Initial Investment Earns 4% Annually

Years $100 $500 $1,000
5 $122 $608 $1,217
10 $148 $740 $1,480
15 $180 $900 $1,801
20 $219 $1,096 $2,191
25 $267 $1,333 $2,666
30 $324 $1,622 $3,243

Initial Investment Earns 6% Annually

Years $100 $500 $1,000
5 $134 $669 $1,338
10 $179 $895 $1,791
15 $240 $1,198 $2,397
20 $321 $1,604 $3,207
25 $429 $2,146 $4,292
30 $574 $2,872 $5,743

Initial Investment Earns 8% Annually

Years $100 $500 $1,000
5 $147 $735 $1,469
10 $216 $1,079 $2,159
15 $317 $1,586 $3,172
20 $466 $2,330 $4,661
25 $685 $3,424 $6,848
30 $1,006 $5,031 $10,063

In these examples, the only amounts that have increased tenfold are the ones invested for 30 years and earning 8% annually, a return not quite as easy to earn these days as they were in the second half of the last century. Still, the numbers might be compelling, especially for younger folks.

A few additional thoughts about these tables:

  • These numbers don’t take inflation into account. So forgoing $100 today doesn’t mean you’ll buy $1,000 worth of goods at today’s prices; it’ll likely be quite less. But as long as you earn a return that exceeds inflation, you’ll still be able to buy more in the future than you could buy today.
  • While most of us don’t drop $100, $500, or $1,000 on purchases every day, I do find it informative (and occasionally painful) to annualize expenses. Spend $6 every workday on lunch? That’s approximately $1,400 a year. Your cable costing you $100 a month? That’s another $1,200. And that’s after-tax money. In other words, to spend that $1,200, you had to earn $1,600 and then pay $400 in federal and state taxes (assuming a 25% combined rate) to have that $1,200 to spend. If you put that money in a traditional retirement account, you can at least defer the federal and state income taxes (though not the FICA taxes — you still have to pay those).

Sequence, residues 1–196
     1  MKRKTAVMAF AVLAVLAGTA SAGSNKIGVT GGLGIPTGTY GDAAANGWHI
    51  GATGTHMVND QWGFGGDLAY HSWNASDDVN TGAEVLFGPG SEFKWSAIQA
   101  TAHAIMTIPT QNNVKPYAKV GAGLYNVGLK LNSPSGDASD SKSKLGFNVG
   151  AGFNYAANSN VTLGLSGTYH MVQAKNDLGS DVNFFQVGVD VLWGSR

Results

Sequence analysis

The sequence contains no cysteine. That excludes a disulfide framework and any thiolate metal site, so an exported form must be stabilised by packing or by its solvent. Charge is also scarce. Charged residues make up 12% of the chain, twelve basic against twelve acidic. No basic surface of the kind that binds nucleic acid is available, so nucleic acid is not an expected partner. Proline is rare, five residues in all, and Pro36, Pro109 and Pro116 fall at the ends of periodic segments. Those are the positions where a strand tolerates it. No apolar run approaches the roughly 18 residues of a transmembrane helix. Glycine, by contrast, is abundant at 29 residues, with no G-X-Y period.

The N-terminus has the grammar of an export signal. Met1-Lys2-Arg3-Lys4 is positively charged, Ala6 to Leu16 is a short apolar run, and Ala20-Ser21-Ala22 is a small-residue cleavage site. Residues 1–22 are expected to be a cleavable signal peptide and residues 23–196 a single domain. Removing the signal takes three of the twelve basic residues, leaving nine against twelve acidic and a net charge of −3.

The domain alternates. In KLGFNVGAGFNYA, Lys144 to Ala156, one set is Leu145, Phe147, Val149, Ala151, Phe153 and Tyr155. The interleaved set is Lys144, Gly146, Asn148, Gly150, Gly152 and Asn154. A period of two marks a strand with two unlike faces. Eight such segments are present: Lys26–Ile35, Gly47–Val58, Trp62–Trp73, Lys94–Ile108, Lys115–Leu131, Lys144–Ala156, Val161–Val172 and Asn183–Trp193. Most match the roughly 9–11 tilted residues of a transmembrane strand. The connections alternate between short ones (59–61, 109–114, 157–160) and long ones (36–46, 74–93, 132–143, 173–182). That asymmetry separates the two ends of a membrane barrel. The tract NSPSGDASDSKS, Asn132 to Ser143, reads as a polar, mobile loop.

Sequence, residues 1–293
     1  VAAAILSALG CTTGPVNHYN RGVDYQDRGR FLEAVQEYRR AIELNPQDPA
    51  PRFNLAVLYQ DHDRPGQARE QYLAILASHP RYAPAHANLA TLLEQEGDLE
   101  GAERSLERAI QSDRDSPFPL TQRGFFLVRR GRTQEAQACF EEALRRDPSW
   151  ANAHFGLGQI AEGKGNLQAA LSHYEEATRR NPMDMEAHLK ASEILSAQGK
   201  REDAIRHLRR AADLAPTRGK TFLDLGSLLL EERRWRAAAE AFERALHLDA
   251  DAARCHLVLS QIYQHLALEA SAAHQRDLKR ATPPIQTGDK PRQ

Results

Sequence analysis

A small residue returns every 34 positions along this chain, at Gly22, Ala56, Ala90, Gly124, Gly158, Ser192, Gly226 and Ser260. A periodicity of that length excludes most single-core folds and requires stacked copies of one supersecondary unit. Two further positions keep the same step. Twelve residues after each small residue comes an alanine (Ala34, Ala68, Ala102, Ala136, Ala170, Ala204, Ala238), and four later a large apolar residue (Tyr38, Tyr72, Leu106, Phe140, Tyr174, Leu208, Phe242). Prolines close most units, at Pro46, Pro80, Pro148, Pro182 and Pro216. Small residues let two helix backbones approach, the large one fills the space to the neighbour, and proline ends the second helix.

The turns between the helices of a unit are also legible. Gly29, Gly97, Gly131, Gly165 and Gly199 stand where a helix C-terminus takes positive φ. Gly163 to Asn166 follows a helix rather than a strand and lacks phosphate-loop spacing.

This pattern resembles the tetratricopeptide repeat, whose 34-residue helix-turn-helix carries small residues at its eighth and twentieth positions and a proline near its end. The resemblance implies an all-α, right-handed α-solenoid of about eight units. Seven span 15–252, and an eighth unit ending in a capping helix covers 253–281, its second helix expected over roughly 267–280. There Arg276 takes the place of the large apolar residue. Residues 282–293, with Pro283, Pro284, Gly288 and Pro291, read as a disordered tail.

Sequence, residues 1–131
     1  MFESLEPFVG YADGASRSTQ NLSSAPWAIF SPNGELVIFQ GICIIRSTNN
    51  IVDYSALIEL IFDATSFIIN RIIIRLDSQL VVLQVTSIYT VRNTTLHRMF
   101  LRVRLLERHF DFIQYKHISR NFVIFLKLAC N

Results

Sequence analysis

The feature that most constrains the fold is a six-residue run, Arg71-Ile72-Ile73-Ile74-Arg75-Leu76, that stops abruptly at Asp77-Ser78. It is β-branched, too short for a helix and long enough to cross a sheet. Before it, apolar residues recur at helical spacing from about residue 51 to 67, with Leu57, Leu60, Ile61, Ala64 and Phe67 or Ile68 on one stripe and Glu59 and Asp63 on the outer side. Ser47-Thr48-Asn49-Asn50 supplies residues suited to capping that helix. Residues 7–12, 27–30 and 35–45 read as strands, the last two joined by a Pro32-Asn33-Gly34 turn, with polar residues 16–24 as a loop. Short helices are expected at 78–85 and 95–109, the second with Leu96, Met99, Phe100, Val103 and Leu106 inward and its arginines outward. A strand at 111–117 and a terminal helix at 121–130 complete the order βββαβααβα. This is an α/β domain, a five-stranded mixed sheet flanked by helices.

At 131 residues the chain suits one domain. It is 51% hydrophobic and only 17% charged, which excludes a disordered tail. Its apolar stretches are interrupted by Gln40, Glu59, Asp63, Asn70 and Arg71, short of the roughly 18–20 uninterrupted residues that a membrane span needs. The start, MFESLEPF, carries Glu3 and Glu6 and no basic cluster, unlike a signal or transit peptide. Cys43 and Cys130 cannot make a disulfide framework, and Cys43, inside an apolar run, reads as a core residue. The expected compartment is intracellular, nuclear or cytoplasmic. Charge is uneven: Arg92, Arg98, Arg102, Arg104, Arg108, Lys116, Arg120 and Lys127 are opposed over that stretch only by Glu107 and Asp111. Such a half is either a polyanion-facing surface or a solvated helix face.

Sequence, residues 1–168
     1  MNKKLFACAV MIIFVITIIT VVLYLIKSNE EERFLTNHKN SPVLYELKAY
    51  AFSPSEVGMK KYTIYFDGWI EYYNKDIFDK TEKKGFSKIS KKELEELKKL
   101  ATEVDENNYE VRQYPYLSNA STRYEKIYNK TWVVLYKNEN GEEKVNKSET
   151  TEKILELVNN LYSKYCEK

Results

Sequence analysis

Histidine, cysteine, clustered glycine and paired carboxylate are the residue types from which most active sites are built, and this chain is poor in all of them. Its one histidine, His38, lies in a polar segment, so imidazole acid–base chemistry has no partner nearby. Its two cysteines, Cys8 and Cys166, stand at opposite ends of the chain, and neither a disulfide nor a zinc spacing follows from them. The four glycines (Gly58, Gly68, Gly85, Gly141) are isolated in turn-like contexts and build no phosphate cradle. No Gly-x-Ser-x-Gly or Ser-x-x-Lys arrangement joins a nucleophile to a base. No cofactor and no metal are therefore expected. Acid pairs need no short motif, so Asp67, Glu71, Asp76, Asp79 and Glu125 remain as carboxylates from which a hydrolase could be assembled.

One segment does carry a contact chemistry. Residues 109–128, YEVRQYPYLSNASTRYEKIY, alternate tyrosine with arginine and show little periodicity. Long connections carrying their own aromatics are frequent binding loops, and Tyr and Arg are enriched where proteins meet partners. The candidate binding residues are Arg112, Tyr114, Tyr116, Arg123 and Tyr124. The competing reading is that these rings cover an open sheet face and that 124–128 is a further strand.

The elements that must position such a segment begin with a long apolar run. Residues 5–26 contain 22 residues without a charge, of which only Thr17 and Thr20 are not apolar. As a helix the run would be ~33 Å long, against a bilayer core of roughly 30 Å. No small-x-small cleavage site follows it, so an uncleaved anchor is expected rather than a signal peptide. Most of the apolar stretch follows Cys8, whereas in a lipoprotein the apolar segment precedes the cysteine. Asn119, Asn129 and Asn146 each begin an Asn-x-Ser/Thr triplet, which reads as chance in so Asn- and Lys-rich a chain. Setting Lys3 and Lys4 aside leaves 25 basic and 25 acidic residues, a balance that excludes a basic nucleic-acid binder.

• The numbers in the charts reflect a one-time investment, and not continual, regular investments. For example, if you invest $500 every month and earn an average annual 6%, you’d have approximately $500,000 after 30 years.
  • If you’re closer to the day you hope to retire than the last time you pulled an all-nighter, you might be saying, “But I don’t have 30 years for my money to grow!” That may be true for the money you need in the first several years of your retirement, but if you live to the average life expectancy (or longer), you won’t touch some of your money until you’re a decade or two into your retirement. Unless you’re an 85-year-old one-armed chainsaw juggler who smokes, you should plan on some of your money being invested for decades.